Activists Battling Environmental Degradation in the Niger Delta

 Helen Okechukwu

In the heart of Nigeria’s Niger Delta, where the emerald green landscapes once sang with the symphony of nature, a harsh reality now unfolds. For decades, the region has borne the heavy burden of environmental degradation, a consequence of relentless oil exploration and exploitation. However, amidst the desolation, a glimmer of hope emerges as a dedicated cadre of activists are confronting the ecological crisis head-on.

The Niger Delta, once a pristine haven of biodiversity, now grapples with a host of pressing challenges. Oil spills, rampant pollution, and deforestation have laid waste to once-thriving ecosystems, leaving communities reeling from the devastating impacts on their health, livelihoods, and cultural heritage.

A study linked environmental pollution to newborn and child mortality rates in the Niger Delta. It found that oil spills within 10km of a mother’s residence, even those occurring five years before conception, doubled the neonatal mortality rate. The health of surviving children was also affected, with mortality rates increasing from 38 to 76 deaths per 1,000 births.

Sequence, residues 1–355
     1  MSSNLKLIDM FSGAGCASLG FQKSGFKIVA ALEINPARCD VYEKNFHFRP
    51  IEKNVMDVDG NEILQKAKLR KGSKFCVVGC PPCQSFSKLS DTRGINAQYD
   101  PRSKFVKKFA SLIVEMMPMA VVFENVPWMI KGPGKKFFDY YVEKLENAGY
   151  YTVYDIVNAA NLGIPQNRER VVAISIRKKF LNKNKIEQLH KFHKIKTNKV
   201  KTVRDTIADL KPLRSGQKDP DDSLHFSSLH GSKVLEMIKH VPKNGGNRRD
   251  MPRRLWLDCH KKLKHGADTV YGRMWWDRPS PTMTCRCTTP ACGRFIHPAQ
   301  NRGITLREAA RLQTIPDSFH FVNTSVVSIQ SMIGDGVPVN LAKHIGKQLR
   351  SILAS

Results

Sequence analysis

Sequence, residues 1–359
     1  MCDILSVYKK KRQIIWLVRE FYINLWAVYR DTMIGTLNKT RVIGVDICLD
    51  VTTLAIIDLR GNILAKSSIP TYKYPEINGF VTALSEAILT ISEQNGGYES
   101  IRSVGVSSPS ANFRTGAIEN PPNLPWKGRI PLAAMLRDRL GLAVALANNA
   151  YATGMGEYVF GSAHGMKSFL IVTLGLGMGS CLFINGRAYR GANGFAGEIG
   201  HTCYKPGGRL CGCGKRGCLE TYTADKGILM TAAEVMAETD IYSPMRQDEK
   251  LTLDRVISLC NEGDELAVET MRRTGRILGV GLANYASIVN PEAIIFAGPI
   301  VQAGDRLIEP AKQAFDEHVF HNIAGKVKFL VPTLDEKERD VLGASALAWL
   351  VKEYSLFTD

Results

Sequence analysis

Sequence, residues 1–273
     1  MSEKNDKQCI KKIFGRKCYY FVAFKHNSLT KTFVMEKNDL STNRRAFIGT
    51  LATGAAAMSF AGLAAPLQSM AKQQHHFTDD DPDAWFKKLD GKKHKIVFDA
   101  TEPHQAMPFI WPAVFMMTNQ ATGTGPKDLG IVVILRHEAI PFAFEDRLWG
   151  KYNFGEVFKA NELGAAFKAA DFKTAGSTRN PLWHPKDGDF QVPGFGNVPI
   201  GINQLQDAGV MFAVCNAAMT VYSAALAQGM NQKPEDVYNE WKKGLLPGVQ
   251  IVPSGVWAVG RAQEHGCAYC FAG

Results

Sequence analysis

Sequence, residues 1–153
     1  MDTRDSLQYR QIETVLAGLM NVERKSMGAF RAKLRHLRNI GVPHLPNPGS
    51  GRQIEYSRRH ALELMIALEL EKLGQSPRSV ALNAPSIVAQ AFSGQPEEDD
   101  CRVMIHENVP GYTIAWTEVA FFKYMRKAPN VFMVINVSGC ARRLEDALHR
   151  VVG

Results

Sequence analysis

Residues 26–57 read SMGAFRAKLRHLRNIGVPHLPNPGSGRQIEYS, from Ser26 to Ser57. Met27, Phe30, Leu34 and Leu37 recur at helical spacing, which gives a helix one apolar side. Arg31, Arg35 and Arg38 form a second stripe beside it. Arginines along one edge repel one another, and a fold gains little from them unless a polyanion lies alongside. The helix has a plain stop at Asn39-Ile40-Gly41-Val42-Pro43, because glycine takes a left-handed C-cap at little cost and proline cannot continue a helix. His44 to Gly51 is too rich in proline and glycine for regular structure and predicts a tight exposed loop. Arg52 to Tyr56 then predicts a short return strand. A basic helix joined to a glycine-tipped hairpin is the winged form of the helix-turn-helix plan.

The persistent and uncontrolled oil spills that have been a significant issue in Nigeria’s oil industry, its main economic driver for over six decades, have caused substantial harm. 

Annually, approximately 240,000 barrels of crude oil are spilled in the Niger Delta, polluting water sources, contaminating crops, and releasing harmful chemicals into the atmosphere.

A 2011 UN Environment Programme report emphasised the severity of the situation in Ogoniland. It was estimated that reversing the damage caused by decades of oil spills would take 30 years and cost $1 billion. This underscores the urgent need for ongoing efforts to address the environmental and social impacts of oil spills in Nigeria.

Ken Henshaw, the Executive Director of We the People non-governmental organisation, said that “about 270 different gas flare points in Nigeria, in the Niger Delta region, spill millions of barrels of crude oil into the creeks, the lands, the farmlands, and swamps of the Niger Delta every single day.”

“The oil companies that are the primary cause of environmental degradation in the Niger Delta region operate with impunity. The Niger Delta ends up losing livelihoods every single day.”

Despite the daunting challenges, grassroots activists have waged a valiant battle against environmental degradation. Through relentless awareness campaigns and community mobilisation efforts, they have succeeded in shining a spotlight on the plight of the Niger Delta, garnering widespread support, and pressuring authorities to take action.